Cleveland’s Federal Reserve Bank has wrapped up a two-day conference on inflation. ideastream’s Joanna Richards reports on some of the discussion about this vital facet of the economy.
Academics, policymakers, and representatives of Northeast Ohio’s business community shared information, and debated strategies for measuring and predicting inflation.
Inflation – the overall change in the price of goods and services – is important. It affects a range of economic activity, from whether consumers can afford to finance a home, to what kind of profit a company makes when it turns raw materials into consumer goods.
The Fed uses monetary policy to try to keep inflation at 2 percent – not too low, not too high. During the recovery from the recession, it’s been rising, and right now, it’s just under that 2 percent goal.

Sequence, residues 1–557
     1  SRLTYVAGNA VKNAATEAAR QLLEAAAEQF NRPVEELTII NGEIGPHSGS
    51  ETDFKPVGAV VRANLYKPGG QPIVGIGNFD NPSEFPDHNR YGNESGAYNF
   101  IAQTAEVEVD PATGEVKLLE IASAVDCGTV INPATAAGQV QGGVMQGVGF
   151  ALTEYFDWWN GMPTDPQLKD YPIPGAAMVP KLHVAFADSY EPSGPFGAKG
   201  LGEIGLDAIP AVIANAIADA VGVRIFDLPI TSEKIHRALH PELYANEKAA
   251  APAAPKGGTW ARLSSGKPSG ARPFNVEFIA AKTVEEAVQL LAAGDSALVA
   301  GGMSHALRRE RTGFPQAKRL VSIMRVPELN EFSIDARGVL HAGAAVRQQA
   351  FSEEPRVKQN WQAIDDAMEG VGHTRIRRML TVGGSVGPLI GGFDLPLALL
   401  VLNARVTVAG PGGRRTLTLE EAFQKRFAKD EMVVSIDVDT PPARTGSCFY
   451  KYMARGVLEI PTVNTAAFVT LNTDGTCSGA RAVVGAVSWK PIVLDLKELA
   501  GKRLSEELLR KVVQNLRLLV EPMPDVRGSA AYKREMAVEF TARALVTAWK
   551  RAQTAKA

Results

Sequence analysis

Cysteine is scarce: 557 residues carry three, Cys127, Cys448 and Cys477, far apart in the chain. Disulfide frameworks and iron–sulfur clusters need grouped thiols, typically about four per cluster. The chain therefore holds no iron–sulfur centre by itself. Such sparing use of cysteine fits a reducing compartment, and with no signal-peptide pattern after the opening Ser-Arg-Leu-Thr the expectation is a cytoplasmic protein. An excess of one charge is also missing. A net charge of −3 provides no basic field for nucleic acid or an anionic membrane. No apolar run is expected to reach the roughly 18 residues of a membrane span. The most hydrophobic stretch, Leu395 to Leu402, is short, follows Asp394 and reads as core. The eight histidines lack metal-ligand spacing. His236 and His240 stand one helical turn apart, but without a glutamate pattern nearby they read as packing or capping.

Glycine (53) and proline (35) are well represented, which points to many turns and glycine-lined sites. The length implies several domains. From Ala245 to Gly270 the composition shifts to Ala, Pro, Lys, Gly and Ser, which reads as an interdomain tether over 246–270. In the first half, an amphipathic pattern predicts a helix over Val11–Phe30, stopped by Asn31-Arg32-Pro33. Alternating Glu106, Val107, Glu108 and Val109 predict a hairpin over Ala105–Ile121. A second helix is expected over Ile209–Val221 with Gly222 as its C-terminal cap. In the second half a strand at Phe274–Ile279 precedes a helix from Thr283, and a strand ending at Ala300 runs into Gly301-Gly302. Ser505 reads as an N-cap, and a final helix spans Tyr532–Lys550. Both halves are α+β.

Mark Zandi is chief economist for Moody’s Analytics and a frequent diviner of economic trends in the press. He believes rising housing demand will push inflation up over the next couple of years, but this will help stimulate economic growth. Zandi added many college graduates who moved back in with parents when they couldn’t find jobs are now moving out, as their employment prospects brighten – "which I can attest to personally," he said. "My son just got a job after a long search. Roughly two hours after he got the job, he found an apartment – a household formed."
Zandi argued this bodes well for the economy, since rising housing demand will create jobs, and raise the value of people’s homes, boosting their confidence and possibly their spending habits.
Zandi predicted inflation will hit 3 percent by 2017, then come down a bit and stabilize.